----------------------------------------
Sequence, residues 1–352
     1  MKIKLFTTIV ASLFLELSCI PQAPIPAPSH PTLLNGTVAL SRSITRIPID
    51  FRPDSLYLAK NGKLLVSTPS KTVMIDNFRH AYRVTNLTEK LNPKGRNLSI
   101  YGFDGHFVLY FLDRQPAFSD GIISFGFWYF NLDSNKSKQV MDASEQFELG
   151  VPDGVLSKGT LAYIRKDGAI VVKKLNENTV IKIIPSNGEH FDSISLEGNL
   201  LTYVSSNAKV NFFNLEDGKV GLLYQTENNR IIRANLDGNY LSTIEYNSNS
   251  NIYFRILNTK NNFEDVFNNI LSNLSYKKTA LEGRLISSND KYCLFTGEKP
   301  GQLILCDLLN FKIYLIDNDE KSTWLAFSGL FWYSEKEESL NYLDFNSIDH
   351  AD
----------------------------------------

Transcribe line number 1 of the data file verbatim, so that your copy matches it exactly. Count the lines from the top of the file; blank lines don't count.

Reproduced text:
Sequence, residues 1–352